He built more than 300 buildings in his career, including two dozen in Scottsdale. His home was featured in Life magazine, which brought attention to Scottsdale as a vibrant Southwest city.
Gonzales was born in a one-bedroom farmhouse at 20th Street and Osborn Road, which was outside Phoenix at the time. He grew up working for his uncle Santiago Cahill, who was a contractor on the construction of the Heard Museum, Arizona Biltmore and the Camelback Inn. Bennie graduated from Arizona Teachers College, later renamed Arizona State University. He was one of the first Americans of Mexican descent to become a registered architect in Arizona. He completed a year of postgraduate study at the University of Mexico in Mexico City.
To commemorate the 50th Anniversary of Bennie Gonzales's contributions to Scottsdale and southwest architecture, on Oct. 11, 2018, Scottsdale renamed First Avenue between Drinkwater Boulevard and 75th Street as "Bennie Gonzales Way."
Answer to Famous Alumnus
The Writers Guild of America strike is going on, so we thought we would remember a famous alumnus who was a writer, director, producer and editor.
Ryan Thomas Andersen was born in Phoenix in 1985 and graduated from Arcadia High School in 2003. After graduation, he attended Scottsdale Community College studying film.
In 2014, he wrote, directed and produced the commercial "Time Machine" and submitted it to the national Doritos Super Bowl Commercial contest that won $1 million. The commercial starred Valley actor Jim Coates and Los Angeles actor Daved Wilkens. The little boy named "Jimmy" was played by Ryan's six-year-old son. If you don't remember that clever commercial, you can watch it on YouTube.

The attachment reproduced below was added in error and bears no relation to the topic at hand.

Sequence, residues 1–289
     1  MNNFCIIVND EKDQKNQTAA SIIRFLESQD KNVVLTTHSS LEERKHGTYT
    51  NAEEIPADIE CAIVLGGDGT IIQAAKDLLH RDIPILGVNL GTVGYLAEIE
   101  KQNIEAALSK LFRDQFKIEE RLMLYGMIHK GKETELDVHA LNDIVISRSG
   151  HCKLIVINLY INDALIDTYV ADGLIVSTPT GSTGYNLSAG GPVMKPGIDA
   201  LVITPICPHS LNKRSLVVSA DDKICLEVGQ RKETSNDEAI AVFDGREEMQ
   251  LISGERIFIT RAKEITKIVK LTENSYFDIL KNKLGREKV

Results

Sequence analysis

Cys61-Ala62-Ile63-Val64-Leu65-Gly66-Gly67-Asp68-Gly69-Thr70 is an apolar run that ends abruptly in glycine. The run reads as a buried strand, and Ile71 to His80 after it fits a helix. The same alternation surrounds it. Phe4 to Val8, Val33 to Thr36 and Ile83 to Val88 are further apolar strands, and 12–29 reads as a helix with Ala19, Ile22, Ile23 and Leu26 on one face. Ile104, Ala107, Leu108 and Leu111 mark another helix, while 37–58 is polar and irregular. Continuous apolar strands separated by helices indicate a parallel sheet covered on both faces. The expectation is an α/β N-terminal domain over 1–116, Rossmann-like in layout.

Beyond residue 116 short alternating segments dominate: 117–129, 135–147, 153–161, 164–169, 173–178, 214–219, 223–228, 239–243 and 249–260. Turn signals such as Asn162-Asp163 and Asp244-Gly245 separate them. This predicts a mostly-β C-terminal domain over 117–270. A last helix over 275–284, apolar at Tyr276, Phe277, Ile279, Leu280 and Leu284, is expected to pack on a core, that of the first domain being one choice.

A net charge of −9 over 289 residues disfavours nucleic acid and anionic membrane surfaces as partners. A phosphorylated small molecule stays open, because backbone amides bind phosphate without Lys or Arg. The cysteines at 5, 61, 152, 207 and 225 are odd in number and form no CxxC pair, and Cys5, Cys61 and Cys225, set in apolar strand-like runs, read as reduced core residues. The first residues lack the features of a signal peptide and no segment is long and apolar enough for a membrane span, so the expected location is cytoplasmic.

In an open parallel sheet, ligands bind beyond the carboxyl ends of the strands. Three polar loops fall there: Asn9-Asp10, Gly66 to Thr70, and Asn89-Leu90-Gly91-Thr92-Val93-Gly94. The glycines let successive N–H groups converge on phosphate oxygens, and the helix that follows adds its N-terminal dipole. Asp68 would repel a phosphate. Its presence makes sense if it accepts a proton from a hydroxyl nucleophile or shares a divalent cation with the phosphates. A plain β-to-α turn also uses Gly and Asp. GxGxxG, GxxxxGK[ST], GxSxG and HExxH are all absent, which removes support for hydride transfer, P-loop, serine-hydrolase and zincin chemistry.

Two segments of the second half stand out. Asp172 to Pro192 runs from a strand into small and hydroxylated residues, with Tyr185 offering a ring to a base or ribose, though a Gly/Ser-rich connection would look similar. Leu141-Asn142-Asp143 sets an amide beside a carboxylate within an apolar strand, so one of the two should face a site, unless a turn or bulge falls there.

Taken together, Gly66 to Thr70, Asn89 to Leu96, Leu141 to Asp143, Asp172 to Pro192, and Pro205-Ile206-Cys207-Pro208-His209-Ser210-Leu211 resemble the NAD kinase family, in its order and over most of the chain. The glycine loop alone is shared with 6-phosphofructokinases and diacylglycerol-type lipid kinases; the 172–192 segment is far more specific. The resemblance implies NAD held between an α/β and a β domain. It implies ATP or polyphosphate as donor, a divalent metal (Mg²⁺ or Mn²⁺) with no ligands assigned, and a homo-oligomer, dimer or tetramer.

He wrote the sci-fi film IM'perfect in 2016 and began production. The film premiered in 2018 at the Phoenix Film Festival and earned Anderson the honor of Arizona Filmmaker of the Year.
Unfortunately, Ryan Thomas Andersen died in 2018 from cancer. He was survived by his son, parents and family.
Photo from Messinger's Mortuary.
You won't want to miss our Scottsdale History August/September Newsletter with information on fall Scottsdale history classes. There will be more news and resources about Scottsdale history to come!